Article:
Competency: the extent to which the trusted party has knowledge and skill
Honesty: the integrity and authenticity of the trusted party
Openness: the extent to which there is no withholding of information from others
I am sensing and imagining the likely responses to that list – the tired, grim, eye-rolling responses when you consider the absence of those principles from the current school re-opening debate.
But also the smiles and nods of recognition that those principles are alive and well in our workplaces. Principles that in fact we can all hope to benefit from and in turn give to others – both our colleagues and our children and young people.
So when I look at the jobs you are all doing at the moment in your schools and I think about the can do attitude, see the innovation, determination creativity and drive to continue to do your very best I see why that is happening – because we have it right in our schools: we know and understand the need for and impact of trust in our organisations.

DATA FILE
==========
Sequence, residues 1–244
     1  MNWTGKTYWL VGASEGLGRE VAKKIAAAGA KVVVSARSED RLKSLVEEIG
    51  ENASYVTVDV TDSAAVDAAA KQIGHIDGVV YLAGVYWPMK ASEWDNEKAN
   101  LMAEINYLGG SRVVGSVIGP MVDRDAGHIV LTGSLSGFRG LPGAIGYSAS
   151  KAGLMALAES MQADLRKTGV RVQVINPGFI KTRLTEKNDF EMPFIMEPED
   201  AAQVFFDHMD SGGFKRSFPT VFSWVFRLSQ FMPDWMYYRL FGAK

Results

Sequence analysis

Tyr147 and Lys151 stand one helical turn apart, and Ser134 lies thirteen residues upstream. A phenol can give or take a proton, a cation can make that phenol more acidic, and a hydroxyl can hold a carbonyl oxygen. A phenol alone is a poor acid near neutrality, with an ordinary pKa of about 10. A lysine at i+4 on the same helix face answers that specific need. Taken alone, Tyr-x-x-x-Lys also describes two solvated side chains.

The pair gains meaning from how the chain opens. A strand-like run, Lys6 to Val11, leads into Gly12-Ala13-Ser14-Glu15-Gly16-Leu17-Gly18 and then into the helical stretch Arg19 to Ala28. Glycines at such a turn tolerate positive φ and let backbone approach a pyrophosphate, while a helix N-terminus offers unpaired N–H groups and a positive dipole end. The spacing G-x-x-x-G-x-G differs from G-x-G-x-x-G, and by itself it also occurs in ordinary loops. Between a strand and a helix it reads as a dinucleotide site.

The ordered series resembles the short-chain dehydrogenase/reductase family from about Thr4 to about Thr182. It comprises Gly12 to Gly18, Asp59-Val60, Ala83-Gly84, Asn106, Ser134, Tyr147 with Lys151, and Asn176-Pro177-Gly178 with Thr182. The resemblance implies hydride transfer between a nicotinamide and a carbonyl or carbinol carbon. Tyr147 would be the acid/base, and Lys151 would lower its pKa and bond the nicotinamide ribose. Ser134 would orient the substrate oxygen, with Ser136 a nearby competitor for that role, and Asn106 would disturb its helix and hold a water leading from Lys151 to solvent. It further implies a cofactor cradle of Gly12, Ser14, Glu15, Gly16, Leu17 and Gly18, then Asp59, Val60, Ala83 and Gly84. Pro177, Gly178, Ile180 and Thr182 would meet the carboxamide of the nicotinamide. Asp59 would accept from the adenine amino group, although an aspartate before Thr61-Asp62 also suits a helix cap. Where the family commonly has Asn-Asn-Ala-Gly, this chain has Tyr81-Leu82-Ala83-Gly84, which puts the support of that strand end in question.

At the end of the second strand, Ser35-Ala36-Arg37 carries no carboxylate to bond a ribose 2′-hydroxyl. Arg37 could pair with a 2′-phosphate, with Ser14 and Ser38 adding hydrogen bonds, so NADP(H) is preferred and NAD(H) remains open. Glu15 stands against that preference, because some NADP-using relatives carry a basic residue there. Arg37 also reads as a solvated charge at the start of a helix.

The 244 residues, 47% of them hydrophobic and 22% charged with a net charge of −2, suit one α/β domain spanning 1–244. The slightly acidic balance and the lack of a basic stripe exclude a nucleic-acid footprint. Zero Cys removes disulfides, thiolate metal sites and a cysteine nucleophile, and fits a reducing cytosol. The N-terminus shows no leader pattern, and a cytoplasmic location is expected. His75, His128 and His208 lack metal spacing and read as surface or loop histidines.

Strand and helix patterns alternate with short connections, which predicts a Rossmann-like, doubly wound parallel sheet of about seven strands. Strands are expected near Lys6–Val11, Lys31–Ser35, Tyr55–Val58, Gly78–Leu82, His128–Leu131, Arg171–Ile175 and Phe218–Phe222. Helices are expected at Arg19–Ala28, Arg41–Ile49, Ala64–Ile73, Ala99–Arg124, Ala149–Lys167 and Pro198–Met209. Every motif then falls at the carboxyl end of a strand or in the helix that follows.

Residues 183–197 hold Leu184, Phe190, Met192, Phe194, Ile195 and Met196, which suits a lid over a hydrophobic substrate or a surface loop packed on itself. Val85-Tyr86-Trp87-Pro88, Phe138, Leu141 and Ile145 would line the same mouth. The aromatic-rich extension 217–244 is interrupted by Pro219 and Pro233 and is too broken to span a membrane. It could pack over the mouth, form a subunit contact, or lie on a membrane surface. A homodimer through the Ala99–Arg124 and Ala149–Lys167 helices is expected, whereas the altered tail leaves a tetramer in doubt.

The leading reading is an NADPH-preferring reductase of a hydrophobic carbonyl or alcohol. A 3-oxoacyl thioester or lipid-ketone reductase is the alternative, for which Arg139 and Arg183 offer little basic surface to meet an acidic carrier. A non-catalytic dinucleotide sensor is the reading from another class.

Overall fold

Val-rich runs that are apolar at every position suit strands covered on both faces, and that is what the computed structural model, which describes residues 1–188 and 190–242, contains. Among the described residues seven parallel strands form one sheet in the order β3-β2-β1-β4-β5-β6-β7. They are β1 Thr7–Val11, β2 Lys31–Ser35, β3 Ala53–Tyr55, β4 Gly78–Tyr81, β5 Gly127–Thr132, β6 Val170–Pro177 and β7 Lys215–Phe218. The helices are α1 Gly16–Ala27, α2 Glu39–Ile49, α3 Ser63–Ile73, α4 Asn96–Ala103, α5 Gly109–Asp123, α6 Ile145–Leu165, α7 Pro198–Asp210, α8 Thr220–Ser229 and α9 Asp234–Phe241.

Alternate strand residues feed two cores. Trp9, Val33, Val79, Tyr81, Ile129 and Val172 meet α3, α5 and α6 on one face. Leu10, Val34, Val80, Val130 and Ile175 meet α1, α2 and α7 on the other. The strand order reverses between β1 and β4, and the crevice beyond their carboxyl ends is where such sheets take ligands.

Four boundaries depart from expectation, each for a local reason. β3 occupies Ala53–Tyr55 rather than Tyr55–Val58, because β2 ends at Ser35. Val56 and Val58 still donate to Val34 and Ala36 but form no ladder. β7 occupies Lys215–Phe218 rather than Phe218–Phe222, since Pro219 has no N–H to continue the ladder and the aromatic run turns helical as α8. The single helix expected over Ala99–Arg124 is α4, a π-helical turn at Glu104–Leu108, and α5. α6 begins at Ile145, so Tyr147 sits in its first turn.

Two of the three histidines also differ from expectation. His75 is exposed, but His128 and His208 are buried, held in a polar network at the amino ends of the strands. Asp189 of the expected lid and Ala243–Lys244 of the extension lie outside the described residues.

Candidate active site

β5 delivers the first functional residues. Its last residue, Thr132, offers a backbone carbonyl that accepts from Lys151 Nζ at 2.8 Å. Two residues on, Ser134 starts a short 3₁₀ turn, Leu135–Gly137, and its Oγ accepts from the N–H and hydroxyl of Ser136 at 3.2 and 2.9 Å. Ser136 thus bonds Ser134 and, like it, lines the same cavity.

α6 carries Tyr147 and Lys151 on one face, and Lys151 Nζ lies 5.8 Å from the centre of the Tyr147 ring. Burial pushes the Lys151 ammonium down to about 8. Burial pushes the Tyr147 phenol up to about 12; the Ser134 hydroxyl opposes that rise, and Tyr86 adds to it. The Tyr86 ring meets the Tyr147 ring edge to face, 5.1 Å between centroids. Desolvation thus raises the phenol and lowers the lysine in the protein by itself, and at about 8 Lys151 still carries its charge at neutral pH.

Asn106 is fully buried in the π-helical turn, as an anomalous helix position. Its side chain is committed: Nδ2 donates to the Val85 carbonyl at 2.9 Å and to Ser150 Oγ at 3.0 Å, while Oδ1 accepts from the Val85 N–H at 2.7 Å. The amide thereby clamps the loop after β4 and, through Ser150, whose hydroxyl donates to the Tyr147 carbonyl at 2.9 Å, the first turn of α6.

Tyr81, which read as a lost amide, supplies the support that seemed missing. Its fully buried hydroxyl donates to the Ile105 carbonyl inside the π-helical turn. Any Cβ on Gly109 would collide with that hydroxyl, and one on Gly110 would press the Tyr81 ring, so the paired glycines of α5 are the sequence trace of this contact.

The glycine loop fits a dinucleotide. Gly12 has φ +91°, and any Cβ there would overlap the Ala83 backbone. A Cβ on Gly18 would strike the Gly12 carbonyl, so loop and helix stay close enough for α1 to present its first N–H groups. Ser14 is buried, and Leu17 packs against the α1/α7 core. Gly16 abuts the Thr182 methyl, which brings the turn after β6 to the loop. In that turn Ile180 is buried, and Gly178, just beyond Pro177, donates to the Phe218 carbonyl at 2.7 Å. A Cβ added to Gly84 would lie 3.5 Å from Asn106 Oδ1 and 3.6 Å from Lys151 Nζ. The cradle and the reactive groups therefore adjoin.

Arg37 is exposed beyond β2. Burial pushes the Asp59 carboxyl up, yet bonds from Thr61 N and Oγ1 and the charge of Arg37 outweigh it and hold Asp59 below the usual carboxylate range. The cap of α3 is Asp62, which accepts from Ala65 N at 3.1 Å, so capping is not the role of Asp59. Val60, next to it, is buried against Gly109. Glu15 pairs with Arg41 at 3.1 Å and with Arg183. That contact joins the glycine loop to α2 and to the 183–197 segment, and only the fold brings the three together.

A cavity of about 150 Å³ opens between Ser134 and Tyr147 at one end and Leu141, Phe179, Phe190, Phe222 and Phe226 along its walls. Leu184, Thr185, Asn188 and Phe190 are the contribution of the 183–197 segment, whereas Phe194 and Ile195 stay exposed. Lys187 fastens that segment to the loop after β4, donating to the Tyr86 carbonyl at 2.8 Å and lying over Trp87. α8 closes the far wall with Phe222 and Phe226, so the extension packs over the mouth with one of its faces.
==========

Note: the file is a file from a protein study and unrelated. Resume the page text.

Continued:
I hope many of you read a blog posted yesterday by Tom Sherrington – and I want to read the closing paragraph which is a clarion call for hope and steadfastness to all teachers, leaders and staff in our places of education
I stand in Awe. And we should have hope and faith. With people like this all over the country, doing what they’re doing, we’re going to do OK. We will prevail; we will recover. Not because of anything the DFE or a nobody commentator has to say – but because of the deep commitment, the principles and energy that flood our system against all odds.
I’m standing in awe. We all should be.
I am delighted to get the chance to talk to so many of you today of all days as it is National Thank a Teacher Day – and in that definition I include the whole teams of staff who are working in our schools day in day out.
Thank you for being creative, energetic, experimental, brave and most of all trusting of one-another.
Thank you for your commitment to the education of children and young people in the North East.
Thank you for being part of the right culture which allows you all to research, experiment, fail and problem solve in your schools.
Enjoy the rest of your day and the sessions you listen to.
That’s all from me – Thank you.